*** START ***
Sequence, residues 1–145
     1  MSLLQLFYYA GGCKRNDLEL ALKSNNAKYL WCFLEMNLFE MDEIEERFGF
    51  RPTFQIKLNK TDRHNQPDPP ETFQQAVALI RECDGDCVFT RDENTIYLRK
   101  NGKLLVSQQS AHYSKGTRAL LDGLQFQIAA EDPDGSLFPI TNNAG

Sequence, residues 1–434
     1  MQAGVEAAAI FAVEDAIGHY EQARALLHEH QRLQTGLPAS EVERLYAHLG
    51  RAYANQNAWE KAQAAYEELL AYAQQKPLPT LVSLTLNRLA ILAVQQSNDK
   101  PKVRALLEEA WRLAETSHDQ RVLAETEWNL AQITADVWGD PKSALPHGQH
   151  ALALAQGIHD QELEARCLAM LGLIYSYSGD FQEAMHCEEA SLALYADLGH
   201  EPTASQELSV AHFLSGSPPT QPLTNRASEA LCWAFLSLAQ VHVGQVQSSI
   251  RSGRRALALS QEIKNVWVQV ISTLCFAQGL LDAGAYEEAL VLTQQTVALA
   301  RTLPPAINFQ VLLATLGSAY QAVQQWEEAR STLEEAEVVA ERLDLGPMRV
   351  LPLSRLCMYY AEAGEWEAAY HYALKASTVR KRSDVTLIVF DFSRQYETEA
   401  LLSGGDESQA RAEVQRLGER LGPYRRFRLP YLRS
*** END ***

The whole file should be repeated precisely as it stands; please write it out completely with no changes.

Sequence, residues 1–145
     1  MSLLQLFYYA GGCKRNDLEL ALKSNNAKYL WCFLEMNLFE MDEIEERFGF
    51  RPTFQIKLNK TDRHNQPDPP ETFQQAVALI RECDGDCVFT RDENTIYLRK
   101  NGKLLVSQQS AHYSKGTRAL LDGLQFQIAA EDPDGSLFPI TNNAG

Sequence, residues 1–434
     1  MQAGVEAAAI FAVEDAIGHY EQARALLHEH QRLQTGLPAS EVERLYAHLG
    51  RAYANQNAWE KAQAAYEELL AYAQQKPLPT LVSLTLNRLA ILAVQQSNDK
   101  PKVRALLEEA WRLAETSHDQ RVLAETEWNL AQITADVWGD PKSALPHGQH
   151  ALALAQGIHD QELEARCLAM LGLIYSYSGD FQEAMHCEEA SLALYADLGH
   201  EPTASQELSV AHFLSGSPPT QPLTNRASEA LCWAFLSLAQ VHVGQVQSSI
   251  RSGRRALALS QEIKNVWVQV ISTLCFAQGL LDAGAYEEAL VLTQQTVALA
   301  RTLPPAINFQ VLLATLGSAY QAVQQWEEAR STLEEAEVVA ERLDLGPMRV
   351  LPLSRLCMYY AEAGEWEAAY HYALKASTVR KRSDVTLIVF DFSRQYETEA
   401  LLSGGDESQA RAEVQRLGER LGPYRRFRLP YLRS